A view in which matter and spirit, or matter and self are somehow connected, pervades the buildings of history. This view was most often rooted in religion, and was in some fashion or another God-centered. However, I believe the facts about this building effort, without needing a whole-hearted embracing of traditional religion, show us possible connections, and point the way to a foundation in which we may get a new view that allows us to see the world in its wholeness, and allows us to see our own relatedness, as a core issue in the character of matter.

Another summary of the books

  • Book 1
    • historical examples from many cultures of the world as instances of living structure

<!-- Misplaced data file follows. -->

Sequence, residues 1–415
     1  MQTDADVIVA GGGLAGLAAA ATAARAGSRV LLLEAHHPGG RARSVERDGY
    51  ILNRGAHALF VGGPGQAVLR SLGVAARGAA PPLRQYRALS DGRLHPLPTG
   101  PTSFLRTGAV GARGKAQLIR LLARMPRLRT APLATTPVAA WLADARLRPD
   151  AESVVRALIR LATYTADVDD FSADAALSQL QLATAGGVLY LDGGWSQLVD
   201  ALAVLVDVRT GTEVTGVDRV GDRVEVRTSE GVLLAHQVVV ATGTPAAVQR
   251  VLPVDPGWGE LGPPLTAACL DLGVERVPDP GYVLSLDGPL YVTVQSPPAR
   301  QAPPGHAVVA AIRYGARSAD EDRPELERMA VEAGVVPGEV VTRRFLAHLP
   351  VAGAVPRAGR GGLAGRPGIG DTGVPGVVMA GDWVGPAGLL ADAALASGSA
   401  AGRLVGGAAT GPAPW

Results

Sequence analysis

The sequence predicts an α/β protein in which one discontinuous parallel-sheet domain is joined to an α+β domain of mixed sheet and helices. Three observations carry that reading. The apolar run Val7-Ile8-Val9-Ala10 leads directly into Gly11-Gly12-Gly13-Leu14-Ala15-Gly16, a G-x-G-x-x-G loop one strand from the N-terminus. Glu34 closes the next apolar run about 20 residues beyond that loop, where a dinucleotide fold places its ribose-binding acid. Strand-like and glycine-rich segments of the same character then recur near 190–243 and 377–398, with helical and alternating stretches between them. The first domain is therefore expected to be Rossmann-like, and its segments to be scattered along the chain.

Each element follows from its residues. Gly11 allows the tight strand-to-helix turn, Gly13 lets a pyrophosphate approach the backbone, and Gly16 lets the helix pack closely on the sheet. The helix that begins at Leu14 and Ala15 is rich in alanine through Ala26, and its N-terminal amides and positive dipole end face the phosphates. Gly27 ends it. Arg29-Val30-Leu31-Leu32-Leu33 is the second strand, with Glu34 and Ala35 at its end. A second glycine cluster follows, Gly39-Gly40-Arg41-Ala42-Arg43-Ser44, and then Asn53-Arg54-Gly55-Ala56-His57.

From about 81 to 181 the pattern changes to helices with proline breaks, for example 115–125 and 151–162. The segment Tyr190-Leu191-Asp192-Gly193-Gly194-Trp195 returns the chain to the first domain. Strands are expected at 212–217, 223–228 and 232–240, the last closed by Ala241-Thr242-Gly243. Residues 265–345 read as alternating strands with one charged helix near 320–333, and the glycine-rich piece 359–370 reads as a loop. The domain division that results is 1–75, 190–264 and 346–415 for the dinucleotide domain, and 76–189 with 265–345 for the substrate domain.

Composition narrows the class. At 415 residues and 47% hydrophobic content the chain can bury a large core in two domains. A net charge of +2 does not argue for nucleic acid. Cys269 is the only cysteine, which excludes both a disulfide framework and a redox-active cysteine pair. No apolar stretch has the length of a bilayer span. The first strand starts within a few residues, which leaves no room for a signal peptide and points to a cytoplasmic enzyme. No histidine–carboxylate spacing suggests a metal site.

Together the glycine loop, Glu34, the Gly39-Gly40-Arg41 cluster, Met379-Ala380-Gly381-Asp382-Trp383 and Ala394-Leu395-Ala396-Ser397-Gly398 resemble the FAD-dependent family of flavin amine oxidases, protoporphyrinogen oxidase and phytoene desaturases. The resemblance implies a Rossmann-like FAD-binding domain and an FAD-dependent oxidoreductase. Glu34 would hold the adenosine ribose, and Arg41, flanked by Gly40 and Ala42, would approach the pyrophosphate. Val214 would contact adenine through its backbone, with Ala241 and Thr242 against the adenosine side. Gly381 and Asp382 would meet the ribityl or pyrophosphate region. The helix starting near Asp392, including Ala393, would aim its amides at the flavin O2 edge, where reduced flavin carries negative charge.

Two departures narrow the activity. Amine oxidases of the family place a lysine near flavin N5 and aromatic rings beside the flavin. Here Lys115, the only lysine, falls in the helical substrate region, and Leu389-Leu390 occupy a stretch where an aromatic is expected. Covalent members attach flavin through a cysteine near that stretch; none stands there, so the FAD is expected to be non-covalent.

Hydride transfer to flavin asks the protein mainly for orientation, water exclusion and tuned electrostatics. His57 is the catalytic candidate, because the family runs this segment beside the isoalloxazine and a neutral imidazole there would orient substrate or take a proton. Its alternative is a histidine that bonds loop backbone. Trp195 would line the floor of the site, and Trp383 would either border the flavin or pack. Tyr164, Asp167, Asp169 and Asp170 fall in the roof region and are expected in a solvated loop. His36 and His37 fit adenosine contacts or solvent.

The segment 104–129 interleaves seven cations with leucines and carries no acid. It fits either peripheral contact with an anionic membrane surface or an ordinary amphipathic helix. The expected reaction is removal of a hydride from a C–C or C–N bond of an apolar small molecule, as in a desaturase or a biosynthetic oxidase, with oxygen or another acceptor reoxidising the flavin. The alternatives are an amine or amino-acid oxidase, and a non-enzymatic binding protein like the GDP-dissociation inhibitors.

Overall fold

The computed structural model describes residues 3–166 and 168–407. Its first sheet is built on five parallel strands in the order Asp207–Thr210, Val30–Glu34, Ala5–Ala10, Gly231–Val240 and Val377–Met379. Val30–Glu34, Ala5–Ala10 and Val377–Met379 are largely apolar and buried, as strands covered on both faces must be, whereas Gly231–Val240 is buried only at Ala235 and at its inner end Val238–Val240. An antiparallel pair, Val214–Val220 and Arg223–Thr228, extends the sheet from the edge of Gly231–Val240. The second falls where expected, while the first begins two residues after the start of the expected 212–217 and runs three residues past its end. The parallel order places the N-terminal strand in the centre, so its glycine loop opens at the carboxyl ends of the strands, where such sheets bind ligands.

• structure these works have in common
  • Book 2
    • process these works have in common
    • all truly living works are created by unfolding — a continuous structure-preserving process
  • Book 3
    • kinds of process which are capable of creating life

Now, in Book 4, I shall come back to these great living works once again. There is a further aspect of these works, created so often in history, which I have not yet touched. It concerns the cosmology within which these works were created, and the concepts of our relatedness to matter. In the vast majority of cases, the world which have life and which stand, for us, as supreme examples of living structure — were created in a mystical-religious context.

(Page 31)

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